Retro Cool Bowling

Bowling coverBowling

Submitter: It is important for us to provide information on pastimes and hobbies for our students’ leisure time. Which is why this bowling book from 1973 is a great choice. There’s nothing kids today like better. Inexplicably, it has never circulated. Perhaps we should leave it on the shelf to give it a chance to find its audience?

Holly: I’m not sure why there are so many old bowling books hanging around in libraries. Every single one of them has groovy fashion and represents a time when bowling was the hip, cool thing to do. Or, at least, it must have been seeing as how so many titles were published on the subject in the early 70s. It’s fine to have bowling books, but represent the current decade, at least! Now they have cosmic bowling¬† with black lights and automatic scoring. Sounds much cooler to me!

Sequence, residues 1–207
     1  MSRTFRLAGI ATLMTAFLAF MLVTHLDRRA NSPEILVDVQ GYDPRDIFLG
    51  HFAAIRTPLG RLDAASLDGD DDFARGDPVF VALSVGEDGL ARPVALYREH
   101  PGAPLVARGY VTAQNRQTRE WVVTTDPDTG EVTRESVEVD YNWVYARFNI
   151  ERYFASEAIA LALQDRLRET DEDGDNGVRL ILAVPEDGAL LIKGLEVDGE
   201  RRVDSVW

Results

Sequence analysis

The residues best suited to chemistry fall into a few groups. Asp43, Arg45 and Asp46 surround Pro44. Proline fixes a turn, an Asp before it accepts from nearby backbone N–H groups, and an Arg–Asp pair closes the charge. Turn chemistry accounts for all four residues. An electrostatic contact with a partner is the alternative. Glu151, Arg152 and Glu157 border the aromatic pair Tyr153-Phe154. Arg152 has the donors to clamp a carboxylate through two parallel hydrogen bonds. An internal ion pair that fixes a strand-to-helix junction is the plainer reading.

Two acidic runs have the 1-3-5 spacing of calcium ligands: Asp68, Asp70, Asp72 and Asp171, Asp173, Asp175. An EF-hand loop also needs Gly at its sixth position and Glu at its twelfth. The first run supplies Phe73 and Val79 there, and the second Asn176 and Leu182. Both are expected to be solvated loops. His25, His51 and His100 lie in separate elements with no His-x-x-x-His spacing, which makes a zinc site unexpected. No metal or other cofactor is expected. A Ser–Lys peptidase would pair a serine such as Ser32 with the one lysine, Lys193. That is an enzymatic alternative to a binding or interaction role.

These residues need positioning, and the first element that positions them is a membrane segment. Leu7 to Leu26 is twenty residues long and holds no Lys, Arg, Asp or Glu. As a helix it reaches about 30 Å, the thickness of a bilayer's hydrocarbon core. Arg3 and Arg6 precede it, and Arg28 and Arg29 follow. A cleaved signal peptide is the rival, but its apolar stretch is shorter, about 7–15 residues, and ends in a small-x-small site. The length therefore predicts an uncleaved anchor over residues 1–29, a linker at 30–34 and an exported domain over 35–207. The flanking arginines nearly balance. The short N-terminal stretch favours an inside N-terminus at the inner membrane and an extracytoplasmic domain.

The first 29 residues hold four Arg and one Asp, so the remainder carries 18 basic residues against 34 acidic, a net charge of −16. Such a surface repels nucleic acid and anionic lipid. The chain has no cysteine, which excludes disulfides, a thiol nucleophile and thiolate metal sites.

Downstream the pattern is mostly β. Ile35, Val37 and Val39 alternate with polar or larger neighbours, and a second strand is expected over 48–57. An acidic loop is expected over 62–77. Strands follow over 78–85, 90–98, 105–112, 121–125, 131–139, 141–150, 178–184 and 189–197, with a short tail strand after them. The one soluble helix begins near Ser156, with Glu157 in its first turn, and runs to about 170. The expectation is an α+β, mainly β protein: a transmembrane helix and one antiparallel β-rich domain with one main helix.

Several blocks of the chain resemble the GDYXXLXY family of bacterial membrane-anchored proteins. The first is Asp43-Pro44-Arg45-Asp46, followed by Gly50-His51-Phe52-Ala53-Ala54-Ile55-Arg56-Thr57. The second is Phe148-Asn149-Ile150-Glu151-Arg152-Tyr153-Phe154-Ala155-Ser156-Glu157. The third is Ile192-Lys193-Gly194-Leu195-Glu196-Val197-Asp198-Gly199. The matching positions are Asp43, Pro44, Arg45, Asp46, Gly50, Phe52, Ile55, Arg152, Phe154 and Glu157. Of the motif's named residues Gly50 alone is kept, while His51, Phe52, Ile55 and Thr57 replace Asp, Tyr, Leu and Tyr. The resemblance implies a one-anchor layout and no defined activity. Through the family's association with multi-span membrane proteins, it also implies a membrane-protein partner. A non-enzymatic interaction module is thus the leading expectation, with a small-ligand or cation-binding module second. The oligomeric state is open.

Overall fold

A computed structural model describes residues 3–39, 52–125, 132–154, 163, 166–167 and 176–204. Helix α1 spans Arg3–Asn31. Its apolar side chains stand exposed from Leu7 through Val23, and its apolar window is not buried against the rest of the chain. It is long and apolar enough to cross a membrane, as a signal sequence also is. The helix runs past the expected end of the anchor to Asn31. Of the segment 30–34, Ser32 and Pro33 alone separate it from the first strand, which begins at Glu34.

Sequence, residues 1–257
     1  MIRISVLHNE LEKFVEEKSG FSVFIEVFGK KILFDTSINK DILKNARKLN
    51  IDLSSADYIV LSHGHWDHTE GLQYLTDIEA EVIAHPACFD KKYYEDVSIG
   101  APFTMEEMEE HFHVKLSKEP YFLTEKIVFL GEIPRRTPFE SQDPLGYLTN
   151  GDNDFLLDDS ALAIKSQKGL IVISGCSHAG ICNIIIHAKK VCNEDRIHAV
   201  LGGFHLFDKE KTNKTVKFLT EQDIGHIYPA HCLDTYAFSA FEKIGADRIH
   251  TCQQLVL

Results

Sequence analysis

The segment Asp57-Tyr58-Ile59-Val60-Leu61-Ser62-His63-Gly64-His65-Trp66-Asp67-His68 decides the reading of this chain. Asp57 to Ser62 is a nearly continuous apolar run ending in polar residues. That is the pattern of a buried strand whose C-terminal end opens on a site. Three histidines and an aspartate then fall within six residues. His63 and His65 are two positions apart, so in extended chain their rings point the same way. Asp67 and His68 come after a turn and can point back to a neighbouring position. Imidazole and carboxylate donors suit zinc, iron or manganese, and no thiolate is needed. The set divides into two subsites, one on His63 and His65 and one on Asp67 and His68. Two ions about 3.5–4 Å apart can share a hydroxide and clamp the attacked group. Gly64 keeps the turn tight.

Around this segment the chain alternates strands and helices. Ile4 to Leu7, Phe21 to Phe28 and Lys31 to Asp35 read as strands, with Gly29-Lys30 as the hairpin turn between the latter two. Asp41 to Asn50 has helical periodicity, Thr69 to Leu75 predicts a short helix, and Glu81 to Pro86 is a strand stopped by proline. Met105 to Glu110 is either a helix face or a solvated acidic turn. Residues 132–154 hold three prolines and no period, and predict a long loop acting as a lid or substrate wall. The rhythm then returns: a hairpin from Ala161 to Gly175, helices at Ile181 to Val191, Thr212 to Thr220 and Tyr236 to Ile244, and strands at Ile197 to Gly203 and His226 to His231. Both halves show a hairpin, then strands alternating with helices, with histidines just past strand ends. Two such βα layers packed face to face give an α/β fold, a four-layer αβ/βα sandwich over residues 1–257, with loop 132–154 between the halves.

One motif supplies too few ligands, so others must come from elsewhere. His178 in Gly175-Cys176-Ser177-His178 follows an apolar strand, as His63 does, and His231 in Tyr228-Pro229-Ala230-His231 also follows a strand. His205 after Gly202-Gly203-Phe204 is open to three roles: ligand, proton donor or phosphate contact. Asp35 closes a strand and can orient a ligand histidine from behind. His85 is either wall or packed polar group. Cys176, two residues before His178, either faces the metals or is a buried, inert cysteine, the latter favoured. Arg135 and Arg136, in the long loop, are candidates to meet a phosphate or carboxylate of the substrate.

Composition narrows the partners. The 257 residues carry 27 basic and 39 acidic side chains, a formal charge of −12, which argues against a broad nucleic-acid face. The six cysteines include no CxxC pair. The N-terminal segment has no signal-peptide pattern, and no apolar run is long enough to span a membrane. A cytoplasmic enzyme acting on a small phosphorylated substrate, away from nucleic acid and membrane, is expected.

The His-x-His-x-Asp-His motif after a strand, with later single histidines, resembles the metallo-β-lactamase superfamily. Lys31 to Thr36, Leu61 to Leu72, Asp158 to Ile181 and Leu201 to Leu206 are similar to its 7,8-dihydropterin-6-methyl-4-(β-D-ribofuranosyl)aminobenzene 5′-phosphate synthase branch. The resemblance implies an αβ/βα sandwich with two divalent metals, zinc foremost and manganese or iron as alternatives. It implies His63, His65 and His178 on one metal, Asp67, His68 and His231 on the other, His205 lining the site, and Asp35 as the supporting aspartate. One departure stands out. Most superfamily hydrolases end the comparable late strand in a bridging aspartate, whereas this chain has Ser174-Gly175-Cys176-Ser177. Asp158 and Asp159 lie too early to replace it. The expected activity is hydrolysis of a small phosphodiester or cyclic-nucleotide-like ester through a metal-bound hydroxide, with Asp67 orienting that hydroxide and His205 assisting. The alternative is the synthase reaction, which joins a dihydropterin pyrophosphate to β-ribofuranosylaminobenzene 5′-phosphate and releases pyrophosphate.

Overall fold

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  1. Is he a bit obsessed about well-drilled holes? Think of all the double-entendres the students are missing by not reading these old sports books?!

  2. My mom’s been bowling for as long as I can remember. I ,on the other hand, have never developed an interest in playing a slow, boring game in a noisy bowling alley while wearing stiff, uncomfortable shoes worn by who knows how many people that all they do is spray with some substance before giving them to you.

    1. I know what you mean. The used shoes were the worst part — I would never buy second-hand shoes, so why should I pay to wear them? But, the church I grew up in had two bowling alleys in the basement (alas, gone now — I asked) and we often bowled (candlepin) wearing our own shoes, after choir practice or before Girl Scouts or something. And then in college I took duckpin bowling one semester, and wore my own shoes there, too.

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